03 Nov Effect Of Divorce On Wills, Trusts, Beneficiary Designations And Other Estate Planning
It is not unusual for married couples to have a will or trust, joint accounts and/or beneficiary designations whereby the spouse is a beneficiary and/or is a fiduciary (i.e., executor, trustee, agent under power of attorney, etc.). However, if the couple divorces, the fiduciary relationship and beneficiary designation (if the spouse is the beneficiary) changes in most cases. So, for example, if you name your spouse as both the executor and beneficiary of your will, then all provisions where your spouse was named as an executor, beneficiary or trustee shall be read as if the former spouse had failed to survive the testator. In other words, your former spouse could neither be a beneficiary nor an executor of your will (assuming you never changed your will before you died if you divorce). One exception is if you name your former spouse as an executor or beneficiary after the divorce, then the appointment of your spouse as a fiduciary (i.e., executor) and as a beneficiary would be upheld as valid. The same rules would apply if the couple had a trust instead of a will. In other words, the former spouse would no longer be entitled to be a trustee or as a beneficiary of your trust (unless done subsequent to divorce) as the trust will be read as if your former spouse had failed to survive you. This would be applicable to joint trusts as well as individual trusts. However, this may not be applicable if there was a valid pre-or post-nuptial agreement.
Furthermore, your former spouse should no longer be able to act as your agent under a financial or medical power of attorney or as your guardian (unless you made an appointment after the divorce). However, there is a question as to whether a financial institution, healthcare provider, etc. knows or questions whether there has been a divorce.
The law is similar on multiple party accounts. So, if one spouse names the other as a beneficiary of a P.O.D. (paid on death) account or survivorship account, then the alternate beneficiary would step in the shoes of the former spouse (and receive funds at death) if there was a divorce. The former spouse is treated as if he or she predeceased the deceased spouse who established the account (unless the account was established after the divorce).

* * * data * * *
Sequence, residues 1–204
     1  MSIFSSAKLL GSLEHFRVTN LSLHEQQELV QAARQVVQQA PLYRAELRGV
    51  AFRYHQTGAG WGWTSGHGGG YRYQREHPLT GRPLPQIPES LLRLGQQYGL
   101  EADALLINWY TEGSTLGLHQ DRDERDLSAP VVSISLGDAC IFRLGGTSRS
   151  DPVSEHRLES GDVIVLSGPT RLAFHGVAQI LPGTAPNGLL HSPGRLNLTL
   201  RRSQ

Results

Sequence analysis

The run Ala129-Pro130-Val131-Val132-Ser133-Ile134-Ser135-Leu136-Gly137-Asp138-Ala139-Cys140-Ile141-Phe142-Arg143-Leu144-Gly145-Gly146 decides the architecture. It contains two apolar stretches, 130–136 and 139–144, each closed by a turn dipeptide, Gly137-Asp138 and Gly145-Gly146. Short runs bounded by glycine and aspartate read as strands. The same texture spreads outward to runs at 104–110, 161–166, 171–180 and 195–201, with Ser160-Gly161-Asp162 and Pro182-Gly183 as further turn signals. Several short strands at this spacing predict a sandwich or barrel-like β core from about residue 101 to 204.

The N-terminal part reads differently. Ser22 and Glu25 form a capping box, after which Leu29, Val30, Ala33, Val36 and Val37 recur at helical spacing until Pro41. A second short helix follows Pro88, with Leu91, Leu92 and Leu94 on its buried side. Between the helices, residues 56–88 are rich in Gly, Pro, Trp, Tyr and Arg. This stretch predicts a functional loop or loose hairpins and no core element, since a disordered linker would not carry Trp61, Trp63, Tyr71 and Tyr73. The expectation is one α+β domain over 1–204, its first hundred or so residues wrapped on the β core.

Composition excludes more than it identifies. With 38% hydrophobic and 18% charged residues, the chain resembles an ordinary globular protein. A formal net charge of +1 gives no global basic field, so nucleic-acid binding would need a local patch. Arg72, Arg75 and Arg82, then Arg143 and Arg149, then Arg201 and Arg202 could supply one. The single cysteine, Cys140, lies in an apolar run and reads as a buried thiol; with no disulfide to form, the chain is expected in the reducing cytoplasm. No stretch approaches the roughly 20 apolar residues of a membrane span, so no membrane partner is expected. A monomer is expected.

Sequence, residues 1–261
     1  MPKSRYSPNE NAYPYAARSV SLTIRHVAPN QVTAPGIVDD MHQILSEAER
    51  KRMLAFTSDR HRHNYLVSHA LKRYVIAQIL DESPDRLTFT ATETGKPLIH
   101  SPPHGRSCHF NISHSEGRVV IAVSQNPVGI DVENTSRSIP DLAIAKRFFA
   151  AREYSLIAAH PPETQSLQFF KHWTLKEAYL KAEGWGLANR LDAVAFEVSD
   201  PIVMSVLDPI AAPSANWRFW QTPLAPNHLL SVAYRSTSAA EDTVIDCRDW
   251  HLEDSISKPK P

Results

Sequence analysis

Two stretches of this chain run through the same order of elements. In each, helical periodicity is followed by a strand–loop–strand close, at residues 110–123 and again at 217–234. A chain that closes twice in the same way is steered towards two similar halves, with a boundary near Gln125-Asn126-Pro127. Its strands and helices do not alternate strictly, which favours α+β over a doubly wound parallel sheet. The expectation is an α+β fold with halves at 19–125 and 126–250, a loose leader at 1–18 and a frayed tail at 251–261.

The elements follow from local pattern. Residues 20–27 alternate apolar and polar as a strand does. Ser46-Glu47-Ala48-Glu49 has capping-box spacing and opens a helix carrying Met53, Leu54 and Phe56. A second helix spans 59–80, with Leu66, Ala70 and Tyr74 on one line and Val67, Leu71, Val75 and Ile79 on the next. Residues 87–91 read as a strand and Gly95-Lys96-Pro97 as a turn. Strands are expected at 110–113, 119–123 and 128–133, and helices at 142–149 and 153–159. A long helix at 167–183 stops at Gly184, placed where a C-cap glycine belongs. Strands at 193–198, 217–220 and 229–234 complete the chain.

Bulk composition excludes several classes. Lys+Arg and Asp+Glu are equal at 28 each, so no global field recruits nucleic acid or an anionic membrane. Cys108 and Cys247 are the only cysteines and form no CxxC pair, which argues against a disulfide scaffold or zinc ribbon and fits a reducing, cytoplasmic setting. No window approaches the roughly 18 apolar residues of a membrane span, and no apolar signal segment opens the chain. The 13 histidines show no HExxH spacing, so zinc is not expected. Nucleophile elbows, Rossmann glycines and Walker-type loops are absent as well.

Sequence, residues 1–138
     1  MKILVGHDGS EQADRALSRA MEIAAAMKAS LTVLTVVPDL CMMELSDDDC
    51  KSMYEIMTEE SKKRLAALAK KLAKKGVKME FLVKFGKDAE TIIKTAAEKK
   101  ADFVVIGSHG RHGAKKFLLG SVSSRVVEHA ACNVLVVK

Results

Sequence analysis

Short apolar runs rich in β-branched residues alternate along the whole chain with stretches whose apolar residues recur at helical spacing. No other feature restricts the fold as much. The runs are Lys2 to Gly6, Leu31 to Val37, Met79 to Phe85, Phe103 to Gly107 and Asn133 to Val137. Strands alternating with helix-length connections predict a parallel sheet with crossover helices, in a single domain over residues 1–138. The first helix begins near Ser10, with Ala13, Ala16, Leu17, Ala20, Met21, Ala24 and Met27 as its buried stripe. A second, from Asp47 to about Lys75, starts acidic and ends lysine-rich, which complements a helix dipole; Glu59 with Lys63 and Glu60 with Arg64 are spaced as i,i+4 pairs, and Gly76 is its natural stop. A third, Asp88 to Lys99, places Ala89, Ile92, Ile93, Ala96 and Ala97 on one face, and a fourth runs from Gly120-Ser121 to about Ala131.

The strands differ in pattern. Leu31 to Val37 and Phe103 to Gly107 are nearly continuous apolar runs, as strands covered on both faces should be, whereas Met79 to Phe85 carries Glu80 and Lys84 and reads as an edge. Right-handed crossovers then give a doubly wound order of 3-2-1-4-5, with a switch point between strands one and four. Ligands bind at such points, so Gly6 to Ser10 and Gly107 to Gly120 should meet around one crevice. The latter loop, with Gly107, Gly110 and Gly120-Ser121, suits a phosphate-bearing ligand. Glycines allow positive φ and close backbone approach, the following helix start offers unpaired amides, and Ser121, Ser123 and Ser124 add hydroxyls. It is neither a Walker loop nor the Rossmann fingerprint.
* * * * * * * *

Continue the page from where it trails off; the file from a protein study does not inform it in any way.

Also, a former spouse would be cut out as a beneficiary of a life insurance policy or retirement account unless the divorce decree designates the former spouse as a beneficiary or if the designation is made after the divorce. If the retirement account is regulated by federal law, the former spouse may still be a beneficiary.
Notwithstanding Texas law generally eliminating a former spouse as a fiduciary or as beneficiary after divorce, this does not prevent a spouse acting as fiduciary or being a beneficiary before the divorce is final. For example, Jackie Kennedy Onassis was in the process of getting divorced from her wealthy shipping magnate husband, Aristotle Onassis, but he died before the divorce was final (making her an extremely wealthy widow). As a result, it is often best to do new estate planning documents, beneficiary designations, etc. before the divorce is final since there is a risk of death, disability, or just lack of trust of the spouse until that time. Some even put extra provisions in their documents due to a concern about a future divorce. For example, you could add language in a power of attorney that “in the event of separation, my spouse may no longer serve as my agent”.
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